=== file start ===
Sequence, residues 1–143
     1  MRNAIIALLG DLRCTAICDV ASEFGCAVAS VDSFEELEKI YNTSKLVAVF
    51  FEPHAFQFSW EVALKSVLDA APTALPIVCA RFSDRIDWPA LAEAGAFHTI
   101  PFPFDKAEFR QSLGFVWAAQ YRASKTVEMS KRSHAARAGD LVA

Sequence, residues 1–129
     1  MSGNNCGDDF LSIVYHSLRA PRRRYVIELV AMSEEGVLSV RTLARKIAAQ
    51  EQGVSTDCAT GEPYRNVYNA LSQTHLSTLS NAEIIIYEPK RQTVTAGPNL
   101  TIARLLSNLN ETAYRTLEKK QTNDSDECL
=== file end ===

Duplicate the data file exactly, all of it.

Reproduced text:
Sequence, residues 1–143
     1  MRNAIIALLG DLRCTAICDV ASEFGCAVAS VDSFEELEKI YNTSKLVAVF
    51  FEPHAFQFSW EVALKSVLDA APTALPIVCA RFSDRIDWPA LAEAGAFHTI
   101  PFPFDKAEFR QSLGFVWAAQ YRASKTVEMS KRSHAARAGD LVA

Sequence, residues 1–129
     1  MSGNNCGDDF LSIVYHSLRA PRRRYVIELV AMSEEGVLSV RTLARKIAAQ
    51  EQGVSTDCAT GEPYRNVYNA LSQTHLSTLS NAEIIIYEPK RQTVTAGPNL
   101  TIARLLSNLN ETAYRTLEKK QTNDSDECL